Apple adds another core iPhone Multi-Touch patent to their arsenal

“On December twentieth, The Washington Post reported that ‘Apple Inc. won a patent-infringement ruling that bans some HTC Corp. smartphones from the U.S. starting next year, bolstering efforts to prove that devices running Google Inc.’s Android operating system copy the iPhone,'” Jack Purcher reports for Patently Apple.

“And today, the US Patent and Trademark Office officially published yet another core iPhone multitouch victory for Apple that will bolster their legal arsenal,” Purcher reports. “This particular multitouch related patent focuses on the oscillator signal and circuit, which are central to sensing a touch event on a touch display.”

Purcher reports, “This is the type of patent that could help Apple in legal battles with copycat designers. It’s one of the 200 patents that Steve Jobs pointed to when launching the iPhone.”

Much more, along with a classic photo collage of Steve Jobs introducing the revolutionary iPhone at Macworld in January 2007, in the full article here.

6 Comments

  1. Most of Apple’s patents are defensive to protect a future product. But the iPhone and iOS are different and Steve Jobs made it clear that they would defend their IP on this front aggressively. The whiners are many, but who cares? It’s the IP game that all the big boys play. Apple lost to Kodak and they win here and there. And so it’s just the course of business. I just like the fact that Apple worked so hard to secure their IP. They got screwed with Msft and they learned by their mistakes.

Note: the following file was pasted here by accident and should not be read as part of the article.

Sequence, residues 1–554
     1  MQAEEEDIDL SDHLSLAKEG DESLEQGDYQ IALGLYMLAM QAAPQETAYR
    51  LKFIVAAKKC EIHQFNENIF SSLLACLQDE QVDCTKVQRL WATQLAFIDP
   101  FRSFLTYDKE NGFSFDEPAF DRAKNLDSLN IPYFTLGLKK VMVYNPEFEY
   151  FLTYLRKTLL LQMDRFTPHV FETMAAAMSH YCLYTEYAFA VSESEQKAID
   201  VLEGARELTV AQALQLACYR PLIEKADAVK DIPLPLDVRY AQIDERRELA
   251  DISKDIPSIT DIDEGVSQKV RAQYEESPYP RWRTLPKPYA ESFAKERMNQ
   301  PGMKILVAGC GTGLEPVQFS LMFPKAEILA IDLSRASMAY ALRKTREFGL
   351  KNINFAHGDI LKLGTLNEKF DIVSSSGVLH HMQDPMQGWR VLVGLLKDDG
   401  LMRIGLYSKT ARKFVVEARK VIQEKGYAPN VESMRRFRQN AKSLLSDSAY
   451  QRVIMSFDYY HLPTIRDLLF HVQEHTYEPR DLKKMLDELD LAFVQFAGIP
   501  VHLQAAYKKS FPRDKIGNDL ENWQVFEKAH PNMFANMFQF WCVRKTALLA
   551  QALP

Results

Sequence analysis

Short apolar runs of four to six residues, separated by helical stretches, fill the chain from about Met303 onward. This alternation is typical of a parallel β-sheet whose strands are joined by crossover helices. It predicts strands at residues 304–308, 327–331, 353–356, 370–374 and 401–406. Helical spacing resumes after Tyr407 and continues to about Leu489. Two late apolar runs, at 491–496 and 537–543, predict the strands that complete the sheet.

2. Patents are nifty, but, apparently, what’s more important is lobbyists, shills and sharp lawyers worldwide. Oh, it’s also prudent to invest on a state of the art photocopy machine.

  3. While the lawsuits are dragging on, Apple’s competitors are using the time to attempt to design around the key patents (if possible). If there are no substantial penalties, I could see this going through several successive cycles of “cat and mouse” with Apple never receiving just compensation.

    1. Not true. Apple has worked out licensing with IBM and Nokia. Just because Apple is working quietly in the background to earn these licenses doesn’t mean that they’re not ongoing. So just compensation is being worked on both behind the scenes and in the courts.

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